In his hearing testimony (and notwithstanding what appears in his written deposition attached to the petition), the complainant did not identify appellant as one of the attackers, and, indeed, made no reference to him at all.   The presentment agency therefore sought to prove appellant's participation in the attack through the testimony of two other witnesses, to whom we will refer by their respective initials, “RA” and “JR.”

RA testified that he was bicycling on the loop around Central Park on the evening of April 21, 2005.   As he passed near Harlem Meer on his laps, he noticed a group of about 15 black or “dark Hispanic” teenage boys who were harassing and taunting runners.   At one point, the youths tried to block RA, but he was able to maneuver his bicycle around them.   RA believed he was seeing the same group each time he passed, since he recognized one boy who was there on each lap.   He also testified that, besides the group of boys, there were “a lot” of people in the area;  in fact, he said that it was “a fairly active night in the park.”

At about 8:15 p.m., on his fourth lap, RA stopped near the group of boys because he was concerned for the safety of a friend and fellow cyclist who was repairing a tire.   While with his friend, RA saw the complainant “running by that group of kids,” whereupon “one [of the] kids ․ punched him behind the head.   Then basically collectively all the kids came in and basically took a cheap shot.   I mean, it wasn't like one hit him ․, they all hit him.   He was on the ground.”   RA later elaborated that he “saw every kid take a punch at [the complainant] or kick [him], a cheap shot, while he was on the ground,” and that “the entire group of kids jumped in like a pack of dogs.”   He saw one of the youths “grab the iPod away from [the complainant],” and then “the group disbanded in different directions.”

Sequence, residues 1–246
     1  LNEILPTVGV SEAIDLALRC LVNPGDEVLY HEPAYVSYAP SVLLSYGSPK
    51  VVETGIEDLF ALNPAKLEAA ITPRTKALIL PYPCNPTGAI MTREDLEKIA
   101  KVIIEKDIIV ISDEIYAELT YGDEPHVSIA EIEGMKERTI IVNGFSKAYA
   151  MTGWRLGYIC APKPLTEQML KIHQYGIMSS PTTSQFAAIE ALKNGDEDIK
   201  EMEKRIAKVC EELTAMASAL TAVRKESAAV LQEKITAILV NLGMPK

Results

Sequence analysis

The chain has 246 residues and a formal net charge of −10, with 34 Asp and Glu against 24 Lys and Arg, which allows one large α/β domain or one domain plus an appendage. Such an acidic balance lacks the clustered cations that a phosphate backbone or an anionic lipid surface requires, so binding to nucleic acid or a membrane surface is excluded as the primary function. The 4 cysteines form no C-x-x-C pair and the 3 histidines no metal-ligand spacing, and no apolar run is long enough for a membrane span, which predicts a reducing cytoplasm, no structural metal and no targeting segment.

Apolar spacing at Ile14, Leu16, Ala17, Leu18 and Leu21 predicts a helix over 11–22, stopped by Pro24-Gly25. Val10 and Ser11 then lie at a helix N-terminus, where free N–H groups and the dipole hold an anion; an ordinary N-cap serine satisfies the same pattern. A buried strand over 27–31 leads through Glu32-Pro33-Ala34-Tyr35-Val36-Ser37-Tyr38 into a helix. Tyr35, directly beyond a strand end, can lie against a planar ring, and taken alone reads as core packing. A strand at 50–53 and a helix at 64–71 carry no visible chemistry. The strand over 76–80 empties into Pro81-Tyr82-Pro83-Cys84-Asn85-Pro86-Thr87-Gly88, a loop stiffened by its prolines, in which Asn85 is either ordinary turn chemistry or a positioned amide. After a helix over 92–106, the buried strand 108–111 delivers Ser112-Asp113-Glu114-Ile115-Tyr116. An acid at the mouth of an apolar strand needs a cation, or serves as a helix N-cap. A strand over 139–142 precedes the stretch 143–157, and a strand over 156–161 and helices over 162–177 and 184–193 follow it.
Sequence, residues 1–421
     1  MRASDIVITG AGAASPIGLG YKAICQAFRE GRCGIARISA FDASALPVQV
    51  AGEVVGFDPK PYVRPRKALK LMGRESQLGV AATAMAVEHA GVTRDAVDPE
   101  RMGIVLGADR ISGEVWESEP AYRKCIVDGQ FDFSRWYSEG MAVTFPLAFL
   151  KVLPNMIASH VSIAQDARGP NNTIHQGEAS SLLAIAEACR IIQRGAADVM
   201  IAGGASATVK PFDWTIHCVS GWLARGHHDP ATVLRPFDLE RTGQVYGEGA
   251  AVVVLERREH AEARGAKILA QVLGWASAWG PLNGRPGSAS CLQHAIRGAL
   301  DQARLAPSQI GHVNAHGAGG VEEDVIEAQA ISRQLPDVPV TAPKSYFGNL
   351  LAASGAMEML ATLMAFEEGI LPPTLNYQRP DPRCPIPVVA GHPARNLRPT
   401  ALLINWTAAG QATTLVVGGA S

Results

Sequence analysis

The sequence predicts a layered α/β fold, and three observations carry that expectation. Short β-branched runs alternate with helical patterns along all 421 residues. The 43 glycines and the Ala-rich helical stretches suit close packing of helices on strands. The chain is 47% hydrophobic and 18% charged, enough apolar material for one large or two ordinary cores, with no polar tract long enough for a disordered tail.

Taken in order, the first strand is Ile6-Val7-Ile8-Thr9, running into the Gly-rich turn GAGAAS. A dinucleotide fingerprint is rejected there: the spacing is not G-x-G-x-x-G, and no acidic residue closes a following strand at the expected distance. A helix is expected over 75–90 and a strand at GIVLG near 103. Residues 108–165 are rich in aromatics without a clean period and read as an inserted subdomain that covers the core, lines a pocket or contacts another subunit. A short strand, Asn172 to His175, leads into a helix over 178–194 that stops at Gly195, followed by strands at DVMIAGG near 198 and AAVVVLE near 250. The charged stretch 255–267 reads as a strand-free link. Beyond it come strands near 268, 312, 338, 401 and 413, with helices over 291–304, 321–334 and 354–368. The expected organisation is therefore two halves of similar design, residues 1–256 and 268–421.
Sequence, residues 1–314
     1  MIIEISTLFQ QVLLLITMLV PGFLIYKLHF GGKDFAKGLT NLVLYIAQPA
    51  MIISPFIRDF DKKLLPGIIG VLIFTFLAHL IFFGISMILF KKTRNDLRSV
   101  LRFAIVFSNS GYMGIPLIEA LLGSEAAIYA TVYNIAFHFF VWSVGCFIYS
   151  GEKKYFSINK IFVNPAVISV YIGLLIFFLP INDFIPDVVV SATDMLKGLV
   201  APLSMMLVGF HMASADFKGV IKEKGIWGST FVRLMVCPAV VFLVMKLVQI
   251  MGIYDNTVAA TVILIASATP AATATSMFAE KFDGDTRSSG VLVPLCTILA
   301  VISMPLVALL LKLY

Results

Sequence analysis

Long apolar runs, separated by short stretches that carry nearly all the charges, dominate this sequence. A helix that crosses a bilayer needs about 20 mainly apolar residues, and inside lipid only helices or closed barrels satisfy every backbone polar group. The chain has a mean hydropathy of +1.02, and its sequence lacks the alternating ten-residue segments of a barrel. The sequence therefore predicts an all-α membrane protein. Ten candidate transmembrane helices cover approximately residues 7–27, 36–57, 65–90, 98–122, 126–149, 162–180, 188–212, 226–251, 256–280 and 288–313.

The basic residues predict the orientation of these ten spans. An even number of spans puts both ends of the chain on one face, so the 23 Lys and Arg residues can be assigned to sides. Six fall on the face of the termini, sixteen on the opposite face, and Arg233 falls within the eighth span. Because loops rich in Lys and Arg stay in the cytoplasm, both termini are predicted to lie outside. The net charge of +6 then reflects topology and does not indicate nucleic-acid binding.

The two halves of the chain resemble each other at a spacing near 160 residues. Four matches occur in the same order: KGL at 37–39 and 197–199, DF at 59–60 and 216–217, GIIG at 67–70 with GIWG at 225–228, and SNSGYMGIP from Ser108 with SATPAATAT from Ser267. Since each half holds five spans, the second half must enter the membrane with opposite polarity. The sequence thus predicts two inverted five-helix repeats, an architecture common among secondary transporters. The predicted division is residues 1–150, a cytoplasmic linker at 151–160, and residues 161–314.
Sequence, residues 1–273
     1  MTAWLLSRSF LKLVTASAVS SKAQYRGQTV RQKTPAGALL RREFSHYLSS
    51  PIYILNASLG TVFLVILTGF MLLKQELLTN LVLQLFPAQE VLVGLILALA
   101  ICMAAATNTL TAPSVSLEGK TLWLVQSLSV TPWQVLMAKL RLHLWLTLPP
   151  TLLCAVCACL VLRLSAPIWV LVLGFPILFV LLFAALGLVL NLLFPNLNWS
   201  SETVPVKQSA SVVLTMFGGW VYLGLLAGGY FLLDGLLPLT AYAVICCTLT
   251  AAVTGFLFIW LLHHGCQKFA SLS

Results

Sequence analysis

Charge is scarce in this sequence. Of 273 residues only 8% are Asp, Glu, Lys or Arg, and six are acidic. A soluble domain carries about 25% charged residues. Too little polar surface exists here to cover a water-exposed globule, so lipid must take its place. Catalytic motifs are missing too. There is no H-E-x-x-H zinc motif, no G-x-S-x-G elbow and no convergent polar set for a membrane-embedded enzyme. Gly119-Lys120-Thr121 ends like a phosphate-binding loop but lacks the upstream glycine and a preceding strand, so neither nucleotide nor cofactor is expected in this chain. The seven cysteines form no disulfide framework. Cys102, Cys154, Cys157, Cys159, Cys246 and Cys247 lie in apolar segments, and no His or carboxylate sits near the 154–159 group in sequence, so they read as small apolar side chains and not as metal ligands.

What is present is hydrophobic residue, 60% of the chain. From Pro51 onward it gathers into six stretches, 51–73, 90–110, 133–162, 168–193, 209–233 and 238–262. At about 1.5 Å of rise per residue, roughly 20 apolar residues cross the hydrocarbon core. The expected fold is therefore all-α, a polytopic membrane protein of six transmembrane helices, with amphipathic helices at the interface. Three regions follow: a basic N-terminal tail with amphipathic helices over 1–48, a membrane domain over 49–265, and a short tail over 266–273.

As the youths were dispersing, RA “went basically to try to get one of these kids, or at least I was on the phone dialing 911, trying to basically follow a couple of these kids to see if we could apprehend one or two of them.”   He “exited out of the north end of the park, approximately 110th Street and Lenox Avenue, where an couple [sic ] of the youths had gone.”   RA followed the two youths “to the projects on 112th Street,” where he met JR, another person who witnessed the incident.   RA ceased following the two youths at that point, but JR continued to do so.

RA identified appellant as “one of the two youths that I followed on Lenox Avenue.”   Upon being asked on cross-examination “[w]hen” and “where” he saw appellant, however, he responded, “I don't know what this gentleman, what this gentleman did here.”   Further, RA never testified that he recalled seeing appellant among the group of youths before the attack or while the attack was in progress.

JR testified on direct examination that he saw a group of “eight or ten” black and Hispanic youths attack the complainant.   He said that “all” of the boys in the group participated in the attack and then “ran” away, except for “two [who] stayed behind walking.” 1  JR followed the two “walking” youths out of the park to a community center.   At the community center, JR pointed out one of the youths to a police officer as a participant in the attack.   JR identified appellant as the youth he had followed from the scene of the attack and pointed out to the police.

On cross-examination, when asked what he had seen appellant do, JR answered that appellant “was also in the group, and he was one of the last ones that started to leave the scene.”   When asked “where was [appellant] standing in relation to [the complainant] when you first saw him,” JR testified that appellant “was in the group, all of them were surrounding [the complainant] and he was one of the last ones I saw standing beside [him],” after which appellant walked away.   JR also testified that there were “a lot” of people jogging in the park at the time of the incident.